08TRIPOLI803 U.S. FOREIGN COMMERCIAL SERVICE OPENS FOR BUSINESS IN LIBYA 1. (SBU) Summary: During his October 5 visit to Tripoli, Department of Commerce Assistant Secretary and Director General of the U.S. and Foreign Commercial Service Israel Hernandez officially opened the new Foreign Commercial Service office at the Embassy and discussed commercial opportunities with U.S. and Libyan business leaders and cooperation with senior Libyan government officials. Coming one month after Secretary Rice's historic trip to Libya, Libyan government representatives enthusiastically welcomed him, as did the small but growing Libyan private sector and representatives of U.S. firms in the energy, telecommunications, and construction sectors. The main messages to him were that there are significant commercial opportunities for American firms in Libya, but challenges still remain in terms of visas, and legal and bureaucratic obstacles. End summary. 2. (SBU) In a breakfast roundtable, the leaders of the major U.S. firms in Libya briefed A/S Hernandez on their activities here and described some of the challenges they face, such as procuring visas (both U.S. and Libyan) for employees and Libyan government trainees, and navigating the Libyan legal system. Most of the U.S. companies are involved in oil exploration, production and services, while others have contracts in the burgeoning construction sector (such as AECOM, based in Los Angeles). Some U.S. firms, such as Motorola, are seeking to enter the Libyan telecommunications sector. All the participants voiced complaints about visas, either for their U.S. staff (and their families) to reside in Libya or for their national staff and government partners to travel to the U.S. for training. Some said they believe the Libyan government is delaying the issuance of U.S. employees' visas because Libyans must still travel abroad (i.e., to Tunis) in order to apply for a U.S. visa. The Charge d'affaires pointed out there is a Business Visa program at post to facilitate visas for U.S. companies' Libyan employees and also informed the group the Embassy expects to expand visa issuance in Tripoli in 2009. 3. (SBU) Another concern of the U.S. businesses relates to the Libyan legal system. One general manager noted "nothing is written, so all is interpretation." He remarked that he believes Libya is even more litigious than the U.S. and since there are no international law firms and no internationally-trained lawyers, the companies have to rely on local legal counsel. As Libya has been isolated for 20 years, even legal firms based in the Middle East (such as in Dubai) have limited utility in Libya since they lack experience here. On the positive side, U.S. businesses have not had major problems importing materials for their operations, especially since most activities are tied to Libyan government entities, such as the National Oil Company (NOC). 4. (SBU) A/S Hernandez also met with the Libyan Businessmen Council, the main organization of Libya's nascent private sector. The Council welcomed the opening of an Embassy Commercial Office because they would like to do business with small- and medium-sized U.S. companies. Most of the American delegations they have seen were from large companies that dealt mainly with the Libyan government. Most of the Council's members, however, are smaller Libyan enterprises. One of the Libyan representatives for a major U.S. equipment provider noted the Libyan market is highly competitive and many European companies (French, German, Italians) never left Libya during the embargo years. It is therefore even more difficult for U.S. companies to enter or re-enter this market, he said. He did not foresee a "u-turn" on the part of the Libyans to nationalize the economy, as in the past, but he did see a need for a more aggressive U.S. approach to help U.S. businesses and to promote the education of Libyans in American universities, especially in medicine and technology. 5. (SBU) The next stop was the Libyan government's National Planning Council in which Under Secretary Mohamed Zidoun and his staff briefed A/S Hernandez on Libya's efforts to diversify its economy and to privatize government enterprises. The Assistant Secretary outlined the purpose of his trip to Libya, i.e. to open the new U.S. FCS office here, noting that Libya was one of the fastest growing markets for U.S. trade. He said the US already had a significant trade deficit with Libya (USD 2.9 billion) so the new FCS office would seek to increase U.S. exports to the Libyan market. Under Secretary Zidoun explained TRIPOLI 00000803 002 OF 002 the role of the National Planning Council as a Libyan "think tank" that prepares studies related to economic, commercial and trade policy. The proposed government restructuring aimed to provide better services to the population and to further development in education, technology, and healthcare. U/S Zidoun's staff would like to see Libya adopt U.S. models for an educational curriculum. Libya is also trying to diversify its "mono-source" economy so as to raise the standard of living. Libya sees itself as a potential transport hub (like Dubai) and in particular, seeks to be the "gateway" to the rest of Africa. Libya also wants to learn from the Gulf countries' experiences: "It is not enough to construct sky-scrapers but one must also train people to run the companies that occupy them." 6. (SBU) On privatization, the Planning Council emphasized "expanding the base of ownership." The Council has conducted studies on how to provide services to Libyans everywhere in the country via the municipalities (akin to counties in the U.S.). The goal is to provide wealth directly to citizens who may spend the money as they like. The Council's staff noted Libya has a relatively small population concentrated along the Mediterranean coast. Therefore, they think reforms are possible so that government will provide only the "basics." One Council member commented, "we cannot go back; we have suffered a lot and we are facing hard moments" in terms of "rebuilding our country" and engaging with the world. He said to A/S Hernandez, "we need your help in education and training" in order to rebuild Libya. 7. (SBU) Lastly, A/S Hernandez met with the Under Secretary of the General People's Committee (GPC) for Economy, Trade and Investment. Under Secretary Taher Sarkez and his staff explained the GPC's role in negotiating international trade agreements (such as the ongoing Trade and Investment Framework talks with USTR) and in promoting Libyan exports. A/S Hernandez extended an invitation to Under Secretary Sarkez to visit Commerce Department offices in the U.S. to learn about programs to assist small- and medium-sized businesses. Under Secretary Sarkez welcomed this opportunity. A/S Hernandez said the new FCS office would also work with Libyan businesses who were interested in participating in American trade shows and other networking opportunities in the U.S. U/S Sarkez noted the need to host more U.S. business groups in Libya and said Libya would probably need to issue more visas to Americans. Finally, U/S Sarkez' staff described an initiative of the GPC to promote Libyan exports other than oil and gas, such as agricultural and fisheries products, via the newly-created Libyan Export Promotion Center. 8. (SBU) Comment: A/S Hernandez' trip to Libya is the first high-level delegation here since Secretary Rice visited Libya just a month ago. He was enthusiastically welcomed by Libyan government representatives, the small but growing Libyan private sector, and representatives of U.S. firms. The main messages to him were that Libya is open to American companies and future educational/technological exchanges but that challenges still remain in forging the new relationship in terms of visas, legal and bureaucratic obstacles and re-establishing new ties with Libyans after a 25-year absence from the market. End comment. STEVENS 2008-10-08 2011-02-01 UNCLASSIFIED//FOR OFFICIAL USE ONLY Embassy Tripoli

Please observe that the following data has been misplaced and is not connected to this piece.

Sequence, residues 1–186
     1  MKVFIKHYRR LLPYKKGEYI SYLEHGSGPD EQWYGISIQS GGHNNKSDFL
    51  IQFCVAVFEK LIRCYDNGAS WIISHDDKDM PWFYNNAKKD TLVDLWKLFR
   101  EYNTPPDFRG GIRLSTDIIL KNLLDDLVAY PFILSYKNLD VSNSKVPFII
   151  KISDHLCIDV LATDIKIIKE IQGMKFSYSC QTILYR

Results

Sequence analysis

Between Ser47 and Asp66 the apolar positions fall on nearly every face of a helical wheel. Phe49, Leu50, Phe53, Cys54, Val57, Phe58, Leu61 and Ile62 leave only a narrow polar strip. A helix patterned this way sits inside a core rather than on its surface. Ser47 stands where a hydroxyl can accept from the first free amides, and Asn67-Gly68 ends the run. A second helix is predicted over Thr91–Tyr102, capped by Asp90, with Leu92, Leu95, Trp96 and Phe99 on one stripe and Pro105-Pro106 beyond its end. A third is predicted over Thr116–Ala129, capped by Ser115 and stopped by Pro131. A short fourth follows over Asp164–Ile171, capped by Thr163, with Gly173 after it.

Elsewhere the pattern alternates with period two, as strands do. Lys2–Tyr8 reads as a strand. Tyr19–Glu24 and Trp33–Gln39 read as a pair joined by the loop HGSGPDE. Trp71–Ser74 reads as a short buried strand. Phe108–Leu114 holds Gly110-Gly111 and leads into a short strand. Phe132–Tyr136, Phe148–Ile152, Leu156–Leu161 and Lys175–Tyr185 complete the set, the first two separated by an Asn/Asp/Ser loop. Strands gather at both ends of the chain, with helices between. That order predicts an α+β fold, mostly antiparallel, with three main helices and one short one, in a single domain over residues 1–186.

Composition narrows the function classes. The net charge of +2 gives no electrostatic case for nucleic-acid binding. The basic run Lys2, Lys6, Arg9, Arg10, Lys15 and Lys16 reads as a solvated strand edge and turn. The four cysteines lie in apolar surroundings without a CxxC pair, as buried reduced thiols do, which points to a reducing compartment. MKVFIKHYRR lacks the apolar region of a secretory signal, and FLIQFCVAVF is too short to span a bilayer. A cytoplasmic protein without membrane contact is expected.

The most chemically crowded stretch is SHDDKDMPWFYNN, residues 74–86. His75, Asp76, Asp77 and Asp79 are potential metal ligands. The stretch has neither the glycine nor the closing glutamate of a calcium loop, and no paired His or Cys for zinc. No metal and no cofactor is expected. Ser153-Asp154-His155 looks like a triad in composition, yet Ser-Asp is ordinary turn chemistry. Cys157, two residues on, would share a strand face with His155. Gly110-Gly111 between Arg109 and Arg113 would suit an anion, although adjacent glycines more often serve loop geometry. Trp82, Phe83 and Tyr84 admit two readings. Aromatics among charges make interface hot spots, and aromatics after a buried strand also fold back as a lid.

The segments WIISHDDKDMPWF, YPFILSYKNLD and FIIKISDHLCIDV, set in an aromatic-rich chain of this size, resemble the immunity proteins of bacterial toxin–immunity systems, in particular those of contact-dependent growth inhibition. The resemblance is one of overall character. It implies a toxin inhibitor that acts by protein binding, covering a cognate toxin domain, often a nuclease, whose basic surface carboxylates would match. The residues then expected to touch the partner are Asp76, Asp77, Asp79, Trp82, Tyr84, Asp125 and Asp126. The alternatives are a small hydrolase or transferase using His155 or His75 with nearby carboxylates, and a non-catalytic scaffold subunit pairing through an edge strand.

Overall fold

08TRIPOLI827 2008-10-17 2011-02-01 CONFIDENTIAL Embassy Tripoli